Hill Motor Company, one of the country’s largest automobile manufacturers, disclosed the following information about its inventory in the notes to its financial statements:
Inventories are stated generally at cost, which is not in excess of market value. The cost of inventory is determined by the last-in, first-out (LIFO) method. If the first-in, first-out (FIFO) method of inventory valuation had been used, inventory would have been about $2,519 million higher at December 31, 2011, and $2,668 million higher at December 31, 2010. As a result of decreases in inventory, certain inventory quantities carried at lower LIFO costs prevailing in prior years, as compared with costs of current purchases, were liquidated in 2011 and 2010.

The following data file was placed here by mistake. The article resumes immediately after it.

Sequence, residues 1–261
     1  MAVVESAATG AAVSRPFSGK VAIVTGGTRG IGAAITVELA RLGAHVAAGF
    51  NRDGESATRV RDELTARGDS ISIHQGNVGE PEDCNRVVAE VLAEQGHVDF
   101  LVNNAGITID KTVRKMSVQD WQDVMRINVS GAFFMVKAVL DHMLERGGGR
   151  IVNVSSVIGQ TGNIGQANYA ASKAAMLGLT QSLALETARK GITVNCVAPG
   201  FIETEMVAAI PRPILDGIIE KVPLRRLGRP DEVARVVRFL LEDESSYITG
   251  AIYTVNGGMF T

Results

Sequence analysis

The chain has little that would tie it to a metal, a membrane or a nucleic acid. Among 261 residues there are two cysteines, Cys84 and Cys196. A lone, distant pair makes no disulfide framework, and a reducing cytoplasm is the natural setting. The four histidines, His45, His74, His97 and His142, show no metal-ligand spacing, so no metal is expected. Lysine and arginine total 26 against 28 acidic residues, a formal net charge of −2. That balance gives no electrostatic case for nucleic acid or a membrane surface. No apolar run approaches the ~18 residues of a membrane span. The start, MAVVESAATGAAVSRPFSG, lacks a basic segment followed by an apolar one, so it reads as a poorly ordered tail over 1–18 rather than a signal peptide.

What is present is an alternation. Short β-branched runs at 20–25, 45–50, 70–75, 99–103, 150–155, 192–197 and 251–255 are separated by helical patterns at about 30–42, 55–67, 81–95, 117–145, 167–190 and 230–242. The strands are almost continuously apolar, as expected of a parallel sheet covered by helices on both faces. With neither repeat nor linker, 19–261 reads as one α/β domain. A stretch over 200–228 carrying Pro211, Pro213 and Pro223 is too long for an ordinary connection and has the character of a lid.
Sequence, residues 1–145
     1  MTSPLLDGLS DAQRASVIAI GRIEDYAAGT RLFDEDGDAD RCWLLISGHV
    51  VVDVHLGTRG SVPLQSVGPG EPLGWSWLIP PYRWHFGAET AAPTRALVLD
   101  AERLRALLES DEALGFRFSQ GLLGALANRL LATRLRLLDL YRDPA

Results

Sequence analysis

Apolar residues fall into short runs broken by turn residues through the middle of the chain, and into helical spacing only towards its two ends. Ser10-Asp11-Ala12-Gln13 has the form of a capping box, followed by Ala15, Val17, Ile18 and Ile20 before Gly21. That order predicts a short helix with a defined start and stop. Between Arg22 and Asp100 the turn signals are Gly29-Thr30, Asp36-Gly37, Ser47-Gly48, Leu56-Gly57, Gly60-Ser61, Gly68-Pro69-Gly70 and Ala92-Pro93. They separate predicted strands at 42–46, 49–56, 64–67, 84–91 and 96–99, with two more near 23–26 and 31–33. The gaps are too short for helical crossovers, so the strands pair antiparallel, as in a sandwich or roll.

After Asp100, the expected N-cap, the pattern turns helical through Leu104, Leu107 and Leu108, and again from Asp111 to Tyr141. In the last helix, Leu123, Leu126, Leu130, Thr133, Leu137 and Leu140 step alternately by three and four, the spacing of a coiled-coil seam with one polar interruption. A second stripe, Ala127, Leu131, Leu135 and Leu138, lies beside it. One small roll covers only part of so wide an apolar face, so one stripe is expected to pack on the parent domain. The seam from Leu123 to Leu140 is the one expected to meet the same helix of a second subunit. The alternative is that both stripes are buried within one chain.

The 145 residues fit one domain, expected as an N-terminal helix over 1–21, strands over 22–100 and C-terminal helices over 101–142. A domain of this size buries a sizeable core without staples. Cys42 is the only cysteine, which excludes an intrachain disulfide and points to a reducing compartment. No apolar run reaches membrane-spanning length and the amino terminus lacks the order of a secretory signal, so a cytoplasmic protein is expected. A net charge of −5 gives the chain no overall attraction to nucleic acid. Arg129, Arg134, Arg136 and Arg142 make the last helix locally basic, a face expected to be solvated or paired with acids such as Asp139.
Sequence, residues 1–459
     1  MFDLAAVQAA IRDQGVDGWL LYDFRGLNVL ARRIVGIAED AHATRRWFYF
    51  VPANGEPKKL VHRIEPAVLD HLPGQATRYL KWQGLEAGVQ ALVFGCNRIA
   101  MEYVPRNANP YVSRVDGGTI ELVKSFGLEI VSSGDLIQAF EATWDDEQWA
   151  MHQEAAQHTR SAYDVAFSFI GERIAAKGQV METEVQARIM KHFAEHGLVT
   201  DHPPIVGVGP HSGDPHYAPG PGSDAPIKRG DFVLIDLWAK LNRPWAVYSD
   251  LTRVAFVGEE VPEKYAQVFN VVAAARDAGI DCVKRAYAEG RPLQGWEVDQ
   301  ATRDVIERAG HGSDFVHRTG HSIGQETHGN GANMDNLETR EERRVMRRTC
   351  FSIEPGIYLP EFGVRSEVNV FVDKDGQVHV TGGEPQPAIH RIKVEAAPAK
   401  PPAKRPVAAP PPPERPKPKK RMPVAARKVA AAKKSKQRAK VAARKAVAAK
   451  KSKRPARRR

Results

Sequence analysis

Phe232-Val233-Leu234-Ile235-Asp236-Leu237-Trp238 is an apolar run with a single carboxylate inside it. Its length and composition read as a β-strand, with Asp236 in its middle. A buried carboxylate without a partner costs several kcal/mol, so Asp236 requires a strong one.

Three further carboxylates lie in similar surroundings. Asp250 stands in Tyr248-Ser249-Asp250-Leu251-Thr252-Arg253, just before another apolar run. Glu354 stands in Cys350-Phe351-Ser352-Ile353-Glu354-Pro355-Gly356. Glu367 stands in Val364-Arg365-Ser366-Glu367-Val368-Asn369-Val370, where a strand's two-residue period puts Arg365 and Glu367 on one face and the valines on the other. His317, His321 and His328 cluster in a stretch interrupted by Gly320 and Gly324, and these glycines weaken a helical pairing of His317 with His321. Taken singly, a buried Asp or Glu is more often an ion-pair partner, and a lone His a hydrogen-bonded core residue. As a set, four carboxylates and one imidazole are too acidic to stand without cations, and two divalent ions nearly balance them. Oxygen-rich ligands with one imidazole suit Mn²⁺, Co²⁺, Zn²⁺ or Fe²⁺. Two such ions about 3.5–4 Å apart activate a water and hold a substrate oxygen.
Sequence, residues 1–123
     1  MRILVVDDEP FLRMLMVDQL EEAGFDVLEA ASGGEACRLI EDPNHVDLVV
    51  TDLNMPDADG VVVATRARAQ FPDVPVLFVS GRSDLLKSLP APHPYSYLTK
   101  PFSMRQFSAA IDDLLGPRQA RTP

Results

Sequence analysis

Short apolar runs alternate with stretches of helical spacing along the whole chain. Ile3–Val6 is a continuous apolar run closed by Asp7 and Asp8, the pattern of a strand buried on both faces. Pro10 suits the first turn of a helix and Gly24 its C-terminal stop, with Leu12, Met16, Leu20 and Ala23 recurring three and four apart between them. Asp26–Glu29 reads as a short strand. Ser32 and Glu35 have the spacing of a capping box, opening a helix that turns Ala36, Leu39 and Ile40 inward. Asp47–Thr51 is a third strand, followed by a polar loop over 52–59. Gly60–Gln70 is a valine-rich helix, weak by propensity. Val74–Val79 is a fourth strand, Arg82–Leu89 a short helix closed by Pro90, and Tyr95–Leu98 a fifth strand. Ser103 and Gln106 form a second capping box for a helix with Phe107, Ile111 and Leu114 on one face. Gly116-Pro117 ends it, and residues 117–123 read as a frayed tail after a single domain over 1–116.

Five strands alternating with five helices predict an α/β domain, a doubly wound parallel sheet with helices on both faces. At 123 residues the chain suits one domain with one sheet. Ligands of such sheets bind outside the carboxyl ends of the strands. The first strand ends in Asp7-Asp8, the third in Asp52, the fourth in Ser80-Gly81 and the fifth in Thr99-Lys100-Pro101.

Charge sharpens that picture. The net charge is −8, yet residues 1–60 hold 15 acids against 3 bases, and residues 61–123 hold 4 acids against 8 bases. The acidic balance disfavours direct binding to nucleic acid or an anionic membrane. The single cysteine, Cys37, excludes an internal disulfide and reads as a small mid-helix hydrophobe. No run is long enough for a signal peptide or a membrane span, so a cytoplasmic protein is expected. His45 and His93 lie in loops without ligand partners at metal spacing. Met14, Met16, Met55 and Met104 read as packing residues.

These inventory adjustments improved pretax operating results by approximately $134 million in 2011 and $294 million in 2010.
1. Explain why the reduction in inventory quantities increased Hill Motor Company’s net income.
2. If Hill Motor Company had used the FIFO inventory costing method, would the reduction in ending inventory quantities have increased net income?

  • CreatedSeptember 22, 2015
  • Files Included
Post your question